The Reformed New World of Health Insurance Exchanges. Arthur Lerner Barbara Ryland

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The Reformed New World of Health

Insurance Exchanges

Arthur Lerner Barbara Ryland



• State Insurance Exchanges are a key

component of the health reform legislation

• What are the Exchanges?

• What is the objective?

• How are they going to work?

• Who gets to play?

• How big is your briefcase?



• Each State must establish by 1/1/2014 an American Health Benefit Exchange that will make insurers’

“qualified health plans” (“QHPs”) available to individuals and small groups.

• Outside the Exchange:

Individuals and employers may purchase non-Exchange health plans, and employers may self-insure.

• A State can have one Exchange for individual

coverage and another for a Small Business Health Options Program (‘‘SHOP Exchange’’) or may merge them.

• An Exchange can be a government agency or a non- profit entity “established by” the State.

• Multi-state Exchanges are permitted.


Exchange Functions

• Certify QHPs for participation

• Determine insurer products to include in

Exchange offerings

• Provide ratings of plan premiums and


• Internet portal for consumers

• Can contract for administrative support, but

not with a health insurer or any entity

related to an insurer



• “Navigators” act essentially as consumer

ombudsmen, educating the public, distributing

information about QHPs, availability of premium

tax credits and cost-sharing reductions,

“facilitating” enrollment, providing referrals related

to grievances or complaints or questions about

health plans or coverage or claim determinations.

• “Navigators” can be trade or professional

associations, consumer groups, unions, chambers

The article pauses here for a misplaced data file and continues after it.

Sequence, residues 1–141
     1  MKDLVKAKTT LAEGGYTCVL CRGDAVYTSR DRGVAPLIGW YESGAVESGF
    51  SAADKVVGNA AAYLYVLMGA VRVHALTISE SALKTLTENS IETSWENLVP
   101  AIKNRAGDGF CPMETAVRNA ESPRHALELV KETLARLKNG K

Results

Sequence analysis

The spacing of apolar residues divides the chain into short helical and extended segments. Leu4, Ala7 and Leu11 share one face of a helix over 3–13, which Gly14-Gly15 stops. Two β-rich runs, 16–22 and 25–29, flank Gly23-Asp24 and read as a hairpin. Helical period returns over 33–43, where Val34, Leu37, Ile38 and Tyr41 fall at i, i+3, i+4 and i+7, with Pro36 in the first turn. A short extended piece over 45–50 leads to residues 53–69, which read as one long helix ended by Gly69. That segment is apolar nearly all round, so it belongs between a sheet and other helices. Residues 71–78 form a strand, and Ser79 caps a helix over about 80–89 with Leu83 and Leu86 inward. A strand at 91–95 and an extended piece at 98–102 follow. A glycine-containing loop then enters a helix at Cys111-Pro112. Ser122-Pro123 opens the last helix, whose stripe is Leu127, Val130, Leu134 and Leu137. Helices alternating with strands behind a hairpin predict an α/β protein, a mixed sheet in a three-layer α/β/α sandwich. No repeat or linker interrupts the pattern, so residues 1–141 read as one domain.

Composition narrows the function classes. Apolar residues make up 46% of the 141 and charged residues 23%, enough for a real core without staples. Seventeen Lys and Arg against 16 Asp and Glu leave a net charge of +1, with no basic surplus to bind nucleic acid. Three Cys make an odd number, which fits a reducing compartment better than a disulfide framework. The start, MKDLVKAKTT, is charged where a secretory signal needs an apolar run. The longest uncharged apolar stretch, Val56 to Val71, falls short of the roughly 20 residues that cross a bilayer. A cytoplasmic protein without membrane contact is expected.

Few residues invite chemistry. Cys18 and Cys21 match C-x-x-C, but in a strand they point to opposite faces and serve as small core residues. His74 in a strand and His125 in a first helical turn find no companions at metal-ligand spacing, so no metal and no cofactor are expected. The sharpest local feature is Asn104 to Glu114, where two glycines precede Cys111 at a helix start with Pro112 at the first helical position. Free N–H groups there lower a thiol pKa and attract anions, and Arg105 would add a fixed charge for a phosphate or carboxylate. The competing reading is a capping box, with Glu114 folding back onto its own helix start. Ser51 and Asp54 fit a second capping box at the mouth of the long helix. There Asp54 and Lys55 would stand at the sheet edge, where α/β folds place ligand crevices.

of commerce, insurance agents and brokers, and

resource partners of the Small Business

Administration, chosen by the Exchange.


Eligible Individuals

• Any person qualifies for individual

Exchange QHP coverage if he or she lives

in the State, is not incarcerated (except for

those awaiting disposition of charges) and

is a citizen or an alien anticipated to be

lawfully in the country for the enrollment



Small Groups

• A small employer with an ERISA group health

plan can participate in the Exchange if all full-time

employees are eligible for coverage.

• “Small group” means an employer that in the

previous year averaged 1 or more employees but

not more than 100.

– Until 2016, a State can substitute 50 for 100.

• A small employer in the Exchange will continue to

be treated as small until it leaves the Exchange,

even if it becomes larger.


Large Groups

• Large groups may not participate in state

Exchanges until 2017.

• Starting in 2017, a State may permit insurers to

provide coverage for large employers through the


• The law clearly provides that States can “permit”

issuers to include large employers in Exchange

products in 2017.

Other language suggests that if the State does so, an employer electing to buy through the Exchange cannot be denied participation by an insurer.


Exchange Standards

• The Secretary will set minimum standards that Exchanges must use in certifying QHPs for participation. Required standards will be set for:


network adequacy;